The origins of this “culture of cheating” go back to the beginning of the reform era in the late 1970s. Deng’s reforms created the framework for China’s explosive growth and opened the way for Chinese people to make money. The reforms began in a society that was exhausted and still reeling from the wild policy swings, violent political campaigns and murderous class warfare of the Mao years. Since it had come to power in 1949, the Party under Mao had worked with considerable success to obliterate traditional Chinese values. Values that could have tempered the pursuit of riches in recent years with ethical constraints. Mao’s final “gift” to the Chinese people, his brutally destructive ten year long Cultural Revolution, left the Communist Party’s legitimacy and the socialist values it had claimed to represent in shreds.
The race for riches in the new world Deng created got underway in the moral vacuum that existed at the end of the Cultural Revolution. The pursuit of wealth became an end in itself; means were irrelevant. Party elites and those connected to them were first out of the gate. These elites have remained in front to this day, consolidating their position along the way. Lacking an inside track, ordinary Chinese have nonetheless run their own race, often modeling their behavior on that of their leaders.
Today’s public anger over corruption is, in some respects, an expression of the revulsion many feel for the “culture of cheating”. More than a few Chinese are appalled by the pervasive dishonesty they see around them. They are enraged by the “anything goes to get rich” mentality that surrounds them with unsafe foods, fake medicines and toxic environmental damage.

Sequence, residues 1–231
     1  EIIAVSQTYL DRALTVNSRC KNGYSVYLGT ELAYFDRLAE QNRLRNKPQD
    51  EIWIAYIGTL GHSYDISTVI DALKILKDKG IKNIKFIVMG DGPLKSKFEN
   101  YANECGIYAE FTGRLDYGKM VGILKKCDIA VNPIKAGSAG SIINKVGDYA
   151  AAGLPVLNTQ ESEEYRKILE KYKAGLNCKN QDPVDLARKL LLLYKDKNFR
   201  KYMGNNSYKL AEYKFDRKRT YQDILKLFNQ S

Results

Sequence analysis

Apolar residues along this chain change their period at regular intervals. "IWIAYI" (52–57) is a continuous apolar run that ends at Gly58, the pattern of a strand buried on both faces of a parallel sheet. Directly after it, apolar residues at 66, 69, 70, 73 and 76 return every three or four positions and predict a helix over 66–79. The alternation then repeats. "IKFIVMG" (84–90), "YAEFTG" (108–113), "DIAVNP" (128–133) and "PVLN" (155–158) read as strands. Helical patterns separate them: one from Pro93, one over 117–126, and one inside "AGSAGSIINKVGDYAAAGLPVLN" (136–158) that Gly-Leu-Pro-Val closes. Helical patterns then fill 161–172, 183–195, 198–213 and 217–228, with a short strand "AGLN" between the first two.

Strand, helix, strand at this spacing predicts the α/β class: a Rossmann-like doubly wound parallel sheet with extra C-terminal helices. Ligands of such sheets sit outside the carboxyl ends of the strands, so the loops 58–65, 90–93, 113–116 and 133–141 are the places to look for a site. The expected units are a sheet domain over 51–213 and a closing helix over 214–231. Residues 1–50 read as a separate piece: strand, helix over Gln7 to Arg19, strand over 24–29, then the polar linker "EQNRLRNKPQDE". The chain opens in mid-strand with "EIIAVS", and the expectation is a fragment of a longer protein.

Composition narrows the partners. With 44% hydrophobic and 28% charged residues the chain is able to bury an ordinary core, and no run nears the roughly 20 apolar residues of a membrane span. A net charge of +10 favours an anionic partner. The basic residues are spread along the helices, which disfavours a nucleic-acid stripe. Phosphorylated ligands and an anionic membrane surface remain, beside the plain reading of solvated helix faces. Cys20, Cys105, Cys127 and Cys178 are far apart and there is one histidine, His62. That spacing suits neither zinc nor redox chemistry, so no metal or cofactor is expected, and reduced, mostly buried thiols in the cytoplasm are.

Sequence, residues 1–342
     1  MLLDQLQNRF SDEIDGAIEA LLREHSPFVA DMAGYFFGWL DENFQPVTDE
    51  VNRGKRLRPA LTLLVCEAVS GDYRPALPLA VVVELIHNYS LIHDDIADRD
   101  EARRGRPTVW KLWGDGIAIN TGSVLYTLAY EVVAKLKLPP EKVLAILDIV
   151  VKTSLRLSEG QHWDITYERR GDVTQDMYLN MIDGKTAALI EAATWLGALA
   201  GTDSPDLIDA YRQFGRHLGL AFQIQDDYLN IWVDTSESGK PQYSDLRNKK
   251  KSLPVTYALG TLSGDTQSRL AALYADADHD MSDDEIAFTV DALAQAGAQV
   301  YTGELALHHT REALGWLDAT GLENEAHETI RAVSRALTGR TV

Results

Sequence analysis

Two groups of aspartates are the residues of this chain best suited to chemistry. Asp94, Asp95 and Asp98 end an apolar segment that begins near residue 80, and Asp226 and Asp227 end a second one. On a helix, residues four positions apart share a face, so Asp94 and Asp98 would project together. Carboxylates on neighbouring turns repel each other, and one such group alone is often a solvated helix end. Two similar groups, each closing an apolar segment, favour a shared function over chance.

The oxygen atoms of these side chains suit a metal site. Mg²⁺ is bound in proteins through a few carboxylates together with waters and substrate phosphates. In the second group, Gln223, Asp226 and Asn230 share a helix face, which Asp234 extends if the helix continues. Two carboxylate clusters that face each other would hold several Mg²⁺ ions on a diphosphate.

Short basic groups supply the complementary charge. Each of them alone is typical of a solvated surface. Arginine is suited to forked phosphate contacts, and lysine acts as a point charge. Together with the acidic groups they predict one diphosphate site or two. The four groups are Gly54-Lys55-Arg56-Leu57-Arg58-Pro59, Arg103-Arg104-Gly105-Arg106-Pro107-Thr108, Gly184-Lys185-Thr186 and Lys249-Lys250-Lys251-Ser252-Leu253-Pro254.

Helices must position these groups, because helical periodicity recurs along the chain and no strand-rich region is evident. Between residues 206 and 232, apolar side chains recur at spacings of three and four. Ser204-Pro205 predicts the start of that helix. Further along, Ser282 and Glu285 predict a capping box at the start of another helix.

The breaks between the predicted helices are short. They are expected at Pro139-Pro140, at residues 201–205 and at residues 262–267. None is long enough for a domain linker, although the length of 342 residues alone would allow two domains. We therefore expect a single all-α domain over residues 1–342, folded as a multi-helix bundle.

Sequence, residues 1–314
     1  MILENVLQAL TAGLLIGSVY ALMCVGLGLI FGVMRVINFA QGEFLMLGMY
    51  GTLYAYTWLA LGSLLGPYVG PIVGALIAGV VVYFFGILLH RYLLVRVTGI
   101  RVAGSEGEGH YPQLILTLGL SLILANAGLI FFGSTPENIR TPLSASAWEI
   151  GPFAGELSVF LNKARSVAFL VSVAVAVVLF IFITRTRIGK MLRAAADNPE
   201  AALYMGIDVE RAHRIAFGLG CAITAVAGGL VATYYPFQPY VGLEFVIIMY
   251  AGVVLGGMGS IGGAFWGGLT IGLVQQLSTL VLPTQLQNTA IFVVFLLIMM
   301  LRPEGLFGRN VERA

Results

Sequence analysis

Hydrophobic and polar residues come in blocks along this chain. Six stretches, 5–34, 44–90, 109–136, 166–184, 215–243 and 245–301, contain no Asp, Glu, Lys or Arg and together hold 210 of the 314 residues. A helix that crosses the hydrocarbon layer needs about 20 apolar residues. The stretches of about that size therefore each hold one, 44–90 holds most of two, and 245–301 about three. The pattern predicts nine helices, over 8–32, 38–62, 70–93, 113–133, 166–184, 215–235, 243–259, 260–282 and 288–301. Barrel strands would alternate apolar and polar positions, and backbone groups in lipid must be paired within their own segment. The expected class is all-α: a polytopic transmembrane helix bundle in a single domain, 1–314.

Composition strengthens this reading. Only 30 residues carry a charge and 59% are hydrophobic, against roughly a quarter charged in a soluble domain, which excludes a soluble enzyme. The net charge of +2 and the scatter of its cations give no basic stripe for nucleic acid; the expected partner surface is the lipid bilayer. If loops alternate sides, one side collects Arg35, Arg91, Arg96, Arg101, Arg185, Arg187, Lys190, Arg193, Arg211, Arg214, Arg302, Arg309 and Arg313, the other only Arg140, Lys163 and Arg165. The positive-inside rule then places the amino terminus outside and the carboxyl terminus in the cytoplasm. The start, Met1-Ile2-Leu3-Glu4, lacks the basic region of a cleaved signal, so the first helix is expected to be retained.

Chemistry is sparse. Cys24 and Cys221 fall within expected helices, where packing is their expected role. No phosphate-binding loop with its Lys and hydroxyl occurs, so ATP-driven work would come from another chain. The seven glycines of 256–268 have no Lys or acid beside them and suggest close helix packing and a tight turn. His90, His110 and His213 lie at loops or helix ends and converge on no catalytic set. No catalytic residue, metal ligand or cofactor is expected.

Fifteen years ago, if you asked young Chinese what they wanted to do, virtually every one of them said “make a lot of money”. The good news is that today many give more nuanced responses. Job and career satisfaction are likely to come ahead of making money for money’s sake. They talk of quality of life concerns not directly connected to money: the freedom not necessarily to criticize but to say, read and do what satisfies and the desire for a clean, safe environment. Some Chinese, both young and old, are seeking a moral framework and guidelines for ethical behavior in the modern world from Confucianism, Buddhism or even Christianity.
The bad news is that an effort to address the underlying corruption and unfairness that has created the “culture of cheating” could bring China’s entire political system tumbling down. Xi and his colleagues are walking a tightrope as they try to balance the demands of Chinese society against the need to protect the system that keeps them on top. China watching is sure to remain an exciting business in the years to come.